Many environmentally aware people from the global middle and upper class choose off-grid living, though that lifestyle is usually supplemented with solar panels and other accoutrements. But for the 1,300 Palestinians who call Masafer Yatta home, living with almost nothing is no longer a choice.
Argentinian photographer Eduardo Soteras compiled Interstice, a beautiful series of black and white photographs that chronicles the lives of the Palestinian cave-dwellers caught in “the space between” – an unforgiving land in the south hills of Hebron cut off from the rest of the West Bank by a string of illegal Israeli settlements.
The people eek out a meager living raising goats and sheep, and coaxing vegetables and fruit from the ground. But they have no running water, no electricity, and no roads, which makes day-to-day life exceedingly difficult – a lifestyle they would happily leave behind, according to Soteras.
Granted, Masafer, which means either “traveling” or “nothing” dates back to the Ottoman era, when debt collectors would find a vast strand of emptiness as the locals fled to the caves that they had carved into area rocks, caves which still shelter the people who live in a string of villages just outside of the city Yatta, to avoid paying taxes.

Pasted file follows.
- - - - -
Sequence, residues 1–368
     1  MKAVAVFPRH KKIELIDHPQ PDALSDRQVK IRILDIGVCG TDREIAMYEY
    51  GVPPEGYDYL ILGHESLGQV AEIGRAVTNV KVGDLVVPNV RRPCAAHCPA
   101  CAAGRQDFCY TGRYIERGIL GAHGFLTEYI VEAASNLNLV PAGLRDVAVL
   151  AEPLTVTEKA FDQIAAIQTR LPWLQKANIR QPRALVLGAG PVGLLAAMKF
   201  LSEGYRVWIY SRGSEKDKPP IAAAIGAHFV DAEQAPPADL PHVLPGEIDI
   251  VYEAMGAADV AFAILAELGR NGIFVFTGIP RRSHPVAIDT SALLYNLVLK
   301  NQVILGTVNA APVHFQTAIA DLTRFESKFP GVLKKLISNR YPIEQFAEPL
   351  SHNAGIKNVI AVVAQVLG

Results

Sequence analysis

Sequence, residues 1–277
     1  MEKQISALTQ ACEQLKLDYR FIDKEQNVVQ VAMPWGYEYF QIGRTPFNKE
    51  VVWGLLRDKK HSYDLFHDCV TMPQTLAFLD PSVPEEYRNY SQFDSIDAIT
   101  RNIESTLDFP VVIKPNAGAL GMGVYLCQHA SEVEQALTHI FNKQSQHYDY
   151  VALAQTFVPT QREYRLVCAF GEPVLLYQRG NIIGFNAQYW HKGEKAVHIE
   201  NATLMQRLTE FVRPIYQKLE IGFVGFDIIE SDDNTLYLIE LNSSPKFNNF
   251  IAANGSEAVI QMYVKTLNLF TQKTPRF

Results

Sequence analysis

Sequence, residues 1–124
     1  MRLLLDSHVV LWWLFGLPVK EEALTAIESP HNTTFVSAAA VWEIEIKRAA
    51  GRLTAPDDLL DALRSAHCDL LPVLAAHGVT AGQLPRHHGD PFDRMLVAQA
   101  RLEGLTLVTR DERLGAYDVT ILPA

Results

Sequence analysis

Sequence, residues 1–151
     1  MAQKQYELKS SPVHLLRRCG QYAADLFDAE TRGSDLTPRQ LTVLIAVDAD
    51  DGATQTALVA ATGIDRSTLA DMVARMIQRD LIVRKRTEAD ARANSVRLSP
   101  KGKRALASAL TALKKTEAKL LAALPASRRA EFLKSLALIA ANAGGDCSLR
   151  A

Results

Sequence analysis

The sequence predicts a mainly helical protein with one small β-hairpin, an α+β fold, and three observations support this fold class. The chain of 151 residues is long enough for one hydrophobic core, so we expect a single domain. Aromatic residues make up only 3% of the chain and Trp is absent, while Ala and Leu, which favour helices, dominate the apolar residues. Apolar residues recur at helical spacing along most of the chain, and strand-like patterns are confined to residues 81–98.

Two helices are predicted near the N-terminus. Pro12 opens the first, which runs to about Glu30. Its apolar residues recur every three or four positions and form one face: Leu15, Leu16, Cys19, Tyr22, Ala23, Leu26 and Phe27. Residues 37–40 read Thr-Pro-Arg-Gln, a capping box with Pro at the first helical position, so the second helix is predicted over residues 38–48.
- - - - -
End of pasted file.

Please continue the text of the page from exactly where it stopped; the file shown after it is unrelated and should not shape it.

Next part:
But today the people of Masafer Yatta have little control over their own fate.
Albeit officially administered by a committee appointed by the Palestinian National Authority’s Ministry of Local Affairs, the cluster of villages part of “Area C” is under Israeli civil and military control. What’s more, in the 1980s, the region was designated a military training zone called Firing Zone 918.
Forced deportation to clear the area for Israeli soldiers is on the cards, though it is uncertain if or when it will actually take place.
And while this may sound like a blessing, people who have nothing will struggle to build new lives elsewhere. Yet the people of Masafer Yatta remain mostly forgotten – not only by the greater community, but even by their own people.
“Some say that the days of this lifestyle are counted,” writes Soteras in his poetic introduction to his photographic series. “Others say that everything will remain as it is.”